Why do we need Public Policies? Private Interests vs. Public Interests
Questions: • Why do we need public policies? • What is “good” public policy?
Markets Polis (Political Community) Private Interest Public Interest Public Policy Public Policy Decision-making Market failure Externalities “Commons” Problem Politics Collective Action Concepts
Fish Banks Simulation – What did We See? • Market decision-making • Individual action to maximize individual welfare • Some “winners” & Some “losers” • Willing risk-takers & Unwilling risk-takers • Uncoordinated aggregate effects that affect others – Externalities • Private interests • Public interests
Fish Banks Simulation – What did We See? • “Commons” Problem • Actions with private benefits social costs • Actions with social benefits private costs • Collective Action Failure • No Community (Collective) Decision-making for common good • Unwillingness to forsake private benefits or accept private costs for the collective good
Fish Banks Simulation – What did We See? • Government Intervention in the Public Interest • Actions with Positive Public Benefits may Impose Private Costs • Create Inefficiencies • Unrelated policy actions Serving Some Public Interest may affect both private and public interests • Actions with social benefits social costs (public interest tradeoffs) • Actions with social benefits for one group social costs for another group (equity problems)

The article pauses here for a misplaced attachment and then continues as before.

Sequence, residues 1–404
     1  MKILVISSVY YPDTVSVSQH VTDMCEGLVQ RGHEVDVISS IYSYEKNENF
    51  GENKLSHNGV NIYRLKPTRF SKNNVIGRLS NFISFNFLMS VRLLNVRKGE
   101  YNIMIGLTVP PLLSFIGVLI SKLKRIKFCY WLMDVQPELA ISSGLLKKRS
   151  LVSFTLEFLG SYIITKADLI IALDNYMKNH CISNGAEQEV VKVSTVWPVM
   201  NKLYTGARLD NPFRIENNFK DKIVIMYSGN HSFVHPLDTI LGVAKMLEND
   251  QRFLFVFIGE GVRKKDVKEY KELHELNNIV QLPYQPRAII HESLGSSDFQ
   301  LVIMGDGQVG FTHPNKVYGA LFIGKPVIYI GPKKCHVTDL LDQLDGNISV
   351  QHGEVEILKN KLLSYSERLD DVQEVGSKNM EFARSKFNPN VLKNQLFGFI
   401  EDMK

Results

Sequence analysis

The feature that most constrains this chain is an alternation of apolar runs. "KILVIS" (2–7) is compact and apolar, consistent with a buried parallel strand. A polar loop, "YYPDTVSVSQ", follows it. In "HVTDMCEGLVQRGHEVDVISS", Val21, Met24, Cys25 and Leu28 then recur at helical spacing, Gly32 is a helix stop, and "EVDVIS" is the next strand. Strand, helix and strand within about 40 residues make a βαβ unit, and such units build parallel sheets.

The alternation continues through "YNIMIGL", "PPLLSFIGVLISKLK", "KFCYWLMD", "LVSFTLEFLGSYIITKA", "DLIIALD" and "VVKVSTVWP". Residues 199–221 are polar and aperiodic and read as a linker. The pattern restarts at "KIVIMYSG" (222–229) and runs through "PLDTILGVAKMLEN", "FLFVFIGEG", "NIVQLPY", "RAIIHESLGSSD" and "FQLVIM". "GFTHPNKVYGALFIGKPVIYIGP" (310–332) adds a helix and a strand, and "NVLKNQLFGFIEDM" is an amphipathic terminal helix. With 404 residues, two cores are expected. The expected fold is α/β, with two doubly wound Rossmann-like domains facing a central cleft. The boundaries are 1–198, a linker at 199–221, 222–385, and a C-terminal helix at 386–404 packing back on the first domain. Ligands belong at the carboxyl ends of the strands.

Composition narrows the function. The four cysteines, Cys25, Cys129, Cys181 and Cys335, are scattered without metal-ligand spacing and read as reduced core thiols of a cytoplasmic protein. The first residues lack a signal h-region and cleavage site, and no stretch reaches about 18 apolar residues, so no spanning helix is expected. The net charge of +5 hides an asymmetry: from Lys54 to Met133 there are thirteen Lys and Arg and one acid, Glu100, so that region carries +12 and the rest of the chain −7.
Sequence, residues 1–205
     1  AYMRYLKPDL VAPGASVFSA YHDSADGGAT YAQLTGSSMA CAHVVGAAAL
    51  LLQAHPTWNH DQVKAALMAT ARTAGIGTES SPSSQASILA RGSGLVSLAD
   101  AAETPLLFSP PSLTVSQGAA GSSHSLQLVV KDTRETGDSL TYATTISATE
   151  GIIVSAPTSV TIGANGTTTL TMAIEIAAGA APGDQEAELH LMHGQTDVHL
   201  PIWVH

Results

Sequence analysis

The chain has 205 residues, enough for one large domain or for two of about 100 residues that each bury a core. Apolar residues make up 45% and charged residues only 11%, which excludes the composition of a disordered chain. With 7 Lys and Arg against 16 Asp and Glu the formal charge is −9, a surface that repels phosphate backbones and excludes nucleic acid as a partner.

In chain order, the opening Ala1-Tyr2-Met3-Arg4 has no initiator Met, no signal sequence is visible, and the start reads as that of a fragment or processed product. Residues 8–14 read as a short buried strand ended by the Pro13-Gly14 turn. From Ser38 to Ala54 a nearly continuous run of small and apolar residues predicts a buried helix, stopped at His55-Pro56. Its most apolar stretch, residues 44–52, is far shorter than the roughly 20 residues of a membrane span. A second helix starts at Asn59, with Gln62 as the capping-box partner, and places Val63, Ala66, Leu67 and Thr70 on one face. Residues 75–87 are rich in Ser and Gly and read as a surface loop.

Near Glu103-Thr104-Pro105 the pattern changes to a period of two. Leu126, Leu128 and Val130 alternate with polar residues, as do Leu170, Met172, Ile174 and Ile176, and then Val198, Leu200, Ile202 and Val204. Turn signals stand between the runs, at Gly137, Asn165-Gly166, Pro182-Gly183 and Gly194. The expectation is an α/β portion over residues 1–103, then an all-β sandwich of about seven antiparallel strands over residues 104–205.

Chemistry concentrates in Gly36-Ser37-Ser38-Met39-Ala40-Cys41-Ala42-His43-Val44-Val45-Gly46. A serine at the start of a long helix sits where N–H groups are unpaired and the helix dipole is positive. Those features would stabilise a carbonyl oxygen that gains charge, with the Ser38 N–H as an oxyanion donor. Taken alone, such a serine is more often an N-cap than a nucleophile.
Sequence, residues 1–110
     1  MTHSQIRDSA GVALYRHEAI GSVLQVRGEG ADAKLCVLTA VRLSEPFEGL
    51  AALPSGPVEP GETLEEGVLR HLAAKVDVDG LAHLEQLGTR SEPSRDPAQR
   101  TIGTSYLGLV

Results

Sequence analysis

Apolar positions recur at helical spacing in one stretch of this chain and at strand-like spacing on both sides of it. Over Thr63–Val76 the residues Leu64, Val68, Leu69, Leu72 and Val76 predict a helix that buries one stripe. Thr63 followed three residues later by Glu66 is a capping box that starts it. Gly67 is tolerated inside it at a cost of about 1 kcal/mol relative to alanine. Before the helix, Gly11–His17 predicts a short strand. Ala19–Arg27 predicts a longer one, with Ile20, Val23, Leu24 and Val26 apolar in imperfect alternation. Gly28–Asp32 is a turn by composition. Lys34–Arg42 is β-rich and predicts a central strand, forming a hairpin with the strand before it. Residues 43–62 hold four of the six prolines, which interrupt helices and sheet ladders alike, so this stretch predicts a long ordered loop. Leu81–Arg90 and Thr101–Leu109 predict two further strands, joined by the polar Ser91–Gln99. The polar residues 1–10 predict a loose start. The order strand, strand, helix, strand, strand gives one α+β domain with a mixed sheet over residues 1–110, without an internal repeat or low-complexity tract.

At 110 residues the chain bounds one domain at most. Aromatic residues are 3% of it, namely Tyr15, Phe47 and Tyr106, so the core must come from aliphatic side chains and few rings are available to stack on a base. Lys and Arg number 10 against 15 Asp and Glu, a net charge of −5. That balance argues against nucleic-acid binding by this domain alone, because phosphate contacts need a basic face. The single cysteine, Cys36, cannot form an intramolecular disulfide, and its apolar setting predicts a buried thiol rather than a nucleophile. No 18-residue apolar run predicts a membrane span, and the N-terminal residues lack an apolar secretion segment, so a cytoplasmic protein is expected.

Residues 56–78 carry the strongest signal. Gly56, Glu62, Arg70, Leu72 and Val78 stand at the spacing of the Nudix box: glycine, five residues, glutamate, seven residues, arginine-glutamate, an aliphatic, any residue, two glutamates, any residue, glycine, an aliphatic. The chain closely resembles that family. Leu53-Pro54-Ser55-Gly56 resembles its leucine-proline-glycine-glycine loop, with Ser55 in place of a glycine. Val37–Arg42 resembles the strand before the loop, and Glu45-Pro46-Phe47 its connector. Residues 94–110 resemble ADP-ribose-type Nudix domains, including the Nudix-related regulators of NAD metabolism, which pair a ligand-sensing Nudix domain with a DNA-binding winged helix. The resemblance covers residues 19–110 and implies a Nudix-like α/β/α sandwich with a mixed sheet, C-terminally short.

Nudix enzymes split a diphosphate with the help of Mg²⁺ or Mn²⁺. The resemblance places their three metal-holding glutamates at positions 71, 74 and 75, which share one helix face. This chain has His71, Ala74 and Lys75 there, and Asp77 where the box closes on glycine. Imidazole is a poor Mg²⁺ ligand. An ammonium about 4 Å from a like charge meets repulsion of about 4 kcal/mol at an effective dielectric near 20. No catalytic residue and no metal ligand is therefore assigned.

Political Community – Polis • People living under the same political rules and structures of governance • Address shared problems and resolve political disputes within an agreed framework • Share status as citizens
“Glue” of the Polis • Bridging the Gap between private and public interests • Influence (socialization) • Cooperation • Loyalty • Foundation for “groups” in the Polis • Did these play a role in Fish Banks?
Public Policy • “…communities trying to decide something as a community.” – Stone(2001) • Pattern of government decisions and actions to solve public problems – serving the public interest – Laws & Meyer(1999)
Politics: • What is the relevant community & government? • What about fishers from outside the local community? • What about non-fishers from outside the local community? • Would the local governments of the various fishing communities have limited the catch? • How does including/excluding people from the relevant community affect policy making? • How does a community determine that something is “a problem?” • What or who defines “the public interest?” • What is “good” public policy?
Public Interest as the Aggregate of Individual Preferences • Uncoordinated (non-deliberative) choice • Σ individual preferences • Is this the same as collective (social) preferences • = Advantage: efficient • Welfare Economics Model of Public Interest
Public Interest as Deliberated Interests • Consensus orientation • Community knows what is good for it • Universally subscribed collective choices • Majoritarian subscribed collective choices
Public Interest as “Prescribed” Community Interests • Experts determine community “needs” and proper level of government response • Professional/scientific analysis • Public is “rationally ignorant” • Its preferences are uninformed • And with good reason
What is “good” public policy? • Is it what the people want? • Claimants are satisfied • Is it what the government experts tell us we need? • Solving the most serious problems • As the experts see them • effectively • Is it what the economists say maximizes the efficient use of resources? • Societal “net benefits”
Market • Social system • individuals pursue their own welfare • Mutually beneficial exchanges • Competition for “scarce” resources • Efficiency is a major goal
Politics • Clash of ideas, values, and interests in determining how things ought to be in society • Competing visions of the future of the community • Passion matters